Dirtbag Diaries: Augrabies Gorge, Orange River, South Africa
I met Rob Wilson when I was 15. He was the trip leader on my first commercial river guide job on the Orange River in South Africa, a mighty drainage that tumbles down the slopes of the Lesotho in the Drakensberg Mountains 2,000 kilometers before emptying into the Atlantic.
I next ran into Rob on the banks of the Orange in 2009, when he was paddling the river from source to sea, during his “Pure Orange Expedition.” A few months later he invited me to join him and his partner, Ine, for a four-day descent of the Augrabies Gorge, a rarely run 30-kilometer section of the Orange. The gorge is rarely run because you have to rappel into it. Our first abseil dropped us and our gear into a canyon of house-sized boulders. The size of the terrain was overwhelming. The mercury pushed up over 100, sweat dripped from my face and my lips tasted like a salt pan. We set up a zipline for the boats, followed by another abseil from a tree branch. It felt awfully dodgy. We camped in the canyon that night, enjoying a well-earned ration of cous cous.
At daybreak we watched the sunlight creep through the gorge corners and light up the granite walls. Everyone was excited for coffee, but our stove wasn’t playing along. We missed our morning caffeine fix, but the adrenaline would soon make up for it.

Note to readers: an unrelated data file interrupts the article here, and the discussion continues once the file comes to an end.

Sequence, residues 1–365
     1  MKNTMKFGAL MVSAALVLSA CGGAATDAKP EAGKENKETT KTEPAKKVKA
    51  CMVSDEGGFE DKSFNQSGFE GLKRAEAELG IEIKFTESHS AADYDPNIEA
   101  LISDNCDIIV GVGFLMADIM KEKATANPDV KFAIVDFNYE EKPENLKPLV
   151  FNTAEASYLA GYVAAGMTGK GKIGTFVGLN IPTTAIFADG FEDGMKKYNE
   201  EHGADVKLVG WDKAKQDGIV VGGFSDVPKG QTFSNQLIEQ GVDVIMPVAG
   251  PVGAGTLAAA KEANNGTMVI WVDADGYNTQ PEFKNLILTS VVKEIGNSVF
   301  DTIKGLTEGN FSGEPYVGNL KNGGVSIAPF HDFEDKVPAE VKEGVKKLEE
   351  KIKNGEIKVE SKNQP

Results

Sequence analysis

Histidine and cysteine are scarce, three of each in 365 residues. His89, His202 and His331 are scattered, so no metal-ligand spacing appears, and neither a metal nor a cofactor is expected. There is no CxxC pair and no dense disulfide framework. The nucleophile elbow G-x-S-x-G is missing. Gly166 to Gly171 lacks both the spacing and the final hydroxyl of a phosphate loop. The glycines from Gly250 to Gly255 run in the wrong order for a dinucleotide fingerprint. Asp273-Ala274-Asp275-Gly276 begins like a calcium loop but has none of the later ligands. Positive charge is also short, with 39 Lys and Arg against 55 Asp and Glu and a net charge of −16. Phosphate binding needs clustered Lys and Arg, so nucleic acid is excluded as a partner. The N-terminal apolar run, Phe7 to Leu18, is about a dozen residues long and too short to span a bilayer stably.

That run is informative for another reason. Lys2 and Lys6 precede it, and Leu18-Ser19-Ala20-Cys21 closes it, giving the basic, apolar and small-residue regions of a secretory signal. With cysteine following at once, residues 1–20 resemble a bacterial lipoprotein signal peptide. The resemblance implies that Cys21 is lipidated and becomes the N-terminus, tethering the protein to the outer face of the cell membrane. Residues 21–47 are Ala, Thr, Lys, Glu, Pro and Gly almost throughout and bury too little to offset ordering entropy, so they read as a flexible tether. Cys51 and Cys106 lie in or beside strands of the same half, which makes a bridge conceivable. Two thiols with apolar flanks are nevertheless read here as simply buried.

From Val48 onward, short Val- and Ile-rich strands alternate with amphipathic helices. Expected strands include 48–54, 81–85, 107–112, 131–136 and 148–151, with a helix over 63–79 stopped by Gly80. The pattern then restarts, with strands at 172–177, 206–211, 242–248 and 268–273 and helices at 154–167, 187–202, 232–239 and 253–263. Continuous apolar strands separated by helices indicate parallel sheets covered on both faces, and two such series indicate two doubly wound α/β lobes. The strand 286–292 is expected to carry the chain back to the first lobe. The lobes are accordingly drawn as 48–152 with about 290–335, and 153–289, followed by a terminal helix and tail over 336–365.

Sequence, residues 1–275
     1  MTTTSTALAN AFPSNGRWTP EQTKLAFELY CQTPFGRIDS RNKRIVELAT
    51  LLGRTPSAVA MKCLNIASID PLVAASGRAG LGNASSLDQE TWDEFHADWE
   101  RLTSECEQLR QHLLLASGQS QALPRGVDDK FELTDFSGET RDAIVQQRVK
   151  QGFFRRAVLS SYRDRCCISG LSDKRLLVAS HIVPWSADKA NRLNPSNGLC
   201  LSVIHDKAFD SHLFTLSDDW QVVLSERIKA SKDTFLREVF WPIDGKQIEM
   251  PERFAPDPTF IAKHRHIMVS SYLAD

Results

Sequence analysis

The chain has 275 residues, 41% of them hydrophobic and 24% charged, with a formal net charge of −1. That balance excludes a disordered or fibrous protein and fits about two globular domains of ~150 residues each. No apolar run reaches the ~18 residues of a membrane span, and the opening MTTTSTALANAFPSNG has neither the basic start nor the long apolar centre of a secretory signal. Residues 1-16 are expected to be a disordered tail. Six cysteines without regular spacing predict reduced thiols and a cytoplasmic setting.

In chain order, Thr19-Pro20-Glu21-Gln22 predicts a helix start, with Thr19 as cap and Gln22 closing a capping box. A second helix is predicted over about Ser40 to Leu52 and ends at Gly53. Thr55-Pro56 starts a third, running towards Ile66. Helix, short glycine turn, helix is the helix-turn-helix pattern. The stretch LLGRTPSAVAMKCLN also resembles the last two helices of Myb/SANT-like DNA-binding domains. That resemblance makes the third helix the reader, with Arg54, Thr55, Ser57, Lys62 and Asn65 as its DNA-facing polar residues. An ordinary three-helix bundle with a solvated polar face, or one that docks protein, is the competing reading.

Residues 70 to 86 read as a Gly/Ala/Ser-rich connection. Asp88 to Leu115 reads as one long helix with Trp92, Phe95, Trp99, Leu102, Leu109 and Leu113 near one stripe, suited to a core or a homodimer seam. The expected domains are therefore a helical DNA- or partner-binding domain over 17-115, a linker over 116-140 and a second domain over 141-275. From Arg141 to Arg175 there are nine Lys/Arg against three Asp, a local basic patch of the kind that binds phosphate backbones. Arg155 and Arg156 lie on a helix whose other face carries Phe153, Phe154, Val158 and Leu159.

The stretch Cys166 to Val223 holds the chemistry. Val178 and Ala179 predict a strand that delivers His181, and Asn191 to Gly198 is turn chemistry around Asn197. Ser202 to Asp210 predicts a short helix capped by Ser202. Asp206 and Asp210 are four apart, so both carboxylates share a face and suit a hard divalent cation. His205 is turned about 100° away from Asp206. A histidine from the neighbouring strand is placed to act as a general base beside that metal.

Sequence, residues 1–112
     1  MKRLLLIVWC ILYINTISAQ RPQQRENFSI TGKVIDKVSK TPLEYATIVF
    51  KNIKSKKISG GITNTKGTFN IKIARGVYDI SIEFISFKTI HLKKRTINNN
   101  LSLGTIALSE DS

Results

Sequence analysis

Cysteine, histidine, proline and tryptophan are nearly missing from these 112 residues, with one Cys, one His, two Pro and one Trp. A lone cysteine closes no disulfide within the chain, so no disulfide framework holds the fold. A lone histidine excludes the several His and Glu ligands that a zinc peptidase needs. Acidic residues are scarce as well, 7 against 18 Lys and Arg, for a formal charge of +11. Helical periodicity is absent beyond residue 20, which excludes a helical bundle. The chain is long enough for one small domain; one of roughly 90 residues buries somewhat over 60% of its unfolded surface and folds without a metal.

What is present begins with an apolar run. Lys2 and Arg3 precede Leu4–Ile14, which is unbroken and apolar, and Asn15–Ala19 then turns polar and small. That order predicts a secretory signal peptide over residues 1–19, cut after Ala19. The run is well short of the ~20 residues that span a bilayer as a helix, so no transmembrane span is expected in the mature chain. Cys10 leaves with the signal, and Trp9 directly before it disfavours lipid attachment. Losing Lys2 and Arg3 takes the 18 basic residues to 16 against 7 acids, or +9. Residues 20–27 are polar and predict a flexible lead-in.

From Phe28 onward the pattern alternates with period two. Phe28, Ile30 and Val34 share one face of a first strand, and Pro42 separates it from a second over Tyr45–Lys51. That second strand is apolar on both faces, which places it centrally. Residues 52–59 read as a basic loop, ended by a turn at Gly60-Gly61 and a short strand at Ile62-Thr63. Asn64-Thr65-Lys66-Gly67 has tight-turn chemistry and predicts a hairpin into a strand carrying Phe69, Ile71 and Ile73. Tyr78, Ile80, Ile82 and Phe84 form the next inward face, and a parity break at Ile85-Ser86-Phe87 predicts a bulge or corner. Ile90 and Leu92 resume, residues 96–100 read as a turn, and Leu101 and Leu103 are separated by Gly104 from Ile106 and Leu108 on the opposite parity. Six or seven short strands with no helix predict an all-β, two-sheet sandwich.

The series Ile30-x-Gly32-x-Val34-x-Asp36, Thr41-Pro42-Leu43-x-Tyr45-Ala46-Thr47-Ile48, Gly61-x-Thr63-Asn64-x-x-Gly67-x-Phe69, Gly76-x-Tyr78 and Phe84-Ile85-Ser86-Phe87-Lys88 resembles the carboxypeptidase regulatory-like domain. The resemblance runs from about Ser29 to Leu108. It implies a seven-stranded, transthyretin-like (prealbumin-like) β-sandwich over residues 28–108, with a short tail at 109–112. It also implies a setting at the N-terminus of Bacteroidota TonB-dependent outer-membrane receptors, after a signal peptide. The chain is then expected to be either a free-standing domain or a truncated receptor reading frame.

We moved down the steeper section of the gorge where the rapids were bigger than anticipated. At one of the biggest Class Vs, Rob and I paddled while Ine stayed on the bank looking after safety and shooting stills. I followed Rob down the long entry weaving between boulders. I eddied out and when I glanced over my shoulder, I saw an orange boat upside down.
Ine signaled that Rob was swimming, and I chased after him. As soon as the current caught my boat, I realized this rapid was much bolder than I’d expected. It was no wonder that Rob had been pushed off line with his heavy boat. I paddled through a lateral wave and down a steep tongue into a hole. It nearly stopped me, but somehow I got through and caught a glimpse of Rob giving the all-safe signal from the bank. He had a few bumps and bruises but got back on his horse. After the last rapid we hid in the shade, where the stove finally cooperated. Night fell as we sipped coffee and admired the endless African sky glittering above.
Scott Martin is a South African photographer. Rob Wilson and Ine Skjorten are writing a guidebook to the Senqu, Orange and Gariep river systems.